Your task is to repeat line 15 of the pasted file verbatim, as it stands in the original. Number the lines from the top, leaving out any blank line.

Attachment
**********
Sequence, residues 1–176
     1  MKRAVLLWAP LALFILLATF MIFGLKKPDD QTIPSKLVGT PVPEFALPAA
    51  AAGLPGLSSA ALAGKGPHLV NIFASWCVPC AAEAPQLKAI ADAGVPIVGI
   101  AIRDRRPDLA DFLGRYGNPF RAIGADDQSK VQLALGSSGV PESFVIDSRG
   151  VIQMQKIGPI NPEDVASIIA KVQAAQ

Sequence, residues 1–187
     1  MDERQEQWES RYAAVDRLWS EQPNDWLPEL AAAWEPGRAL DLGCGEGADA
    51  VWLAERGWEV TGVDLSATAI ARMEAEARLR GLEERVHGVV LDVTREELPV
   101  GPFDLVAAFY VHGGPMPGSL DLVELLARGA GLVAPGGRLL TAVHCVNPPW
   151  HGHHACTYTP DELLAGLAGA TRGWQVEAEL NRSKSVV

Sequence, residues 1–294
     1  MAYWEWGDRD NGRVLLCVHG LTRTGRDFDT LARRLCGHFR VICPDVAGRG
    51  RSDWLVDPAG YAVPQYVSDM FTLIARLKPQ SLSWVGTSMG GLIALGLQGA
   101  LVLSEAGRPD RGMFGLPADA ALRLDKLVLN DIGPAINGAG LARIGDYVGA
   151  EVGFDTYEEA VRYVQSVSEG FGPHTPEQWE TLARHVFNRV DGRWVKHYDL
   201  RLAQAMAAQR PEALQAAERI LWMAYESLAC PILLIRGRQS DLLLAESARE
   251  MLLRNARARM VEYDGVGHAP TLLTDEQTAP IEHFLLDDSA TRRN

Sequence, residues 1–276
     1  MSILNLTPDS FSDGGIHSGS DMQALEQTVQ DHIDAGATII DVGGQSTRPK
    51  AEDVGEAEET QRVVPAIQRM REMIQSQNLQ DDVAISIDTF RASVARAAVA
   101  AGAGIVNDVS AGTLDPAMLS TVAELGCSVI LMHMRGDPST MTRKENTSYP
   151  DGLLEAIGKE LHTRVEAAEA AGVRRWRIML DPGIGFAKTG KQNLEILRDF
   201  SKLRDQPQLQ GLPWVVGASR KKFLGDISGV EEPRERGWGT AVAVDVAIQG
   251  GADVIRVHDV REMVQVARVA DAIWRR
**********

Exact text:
   151  EVGFDTYEEA VRYVQSVSEG FGPHTPEQWE TLARHVFNRV DGRWVKHYDL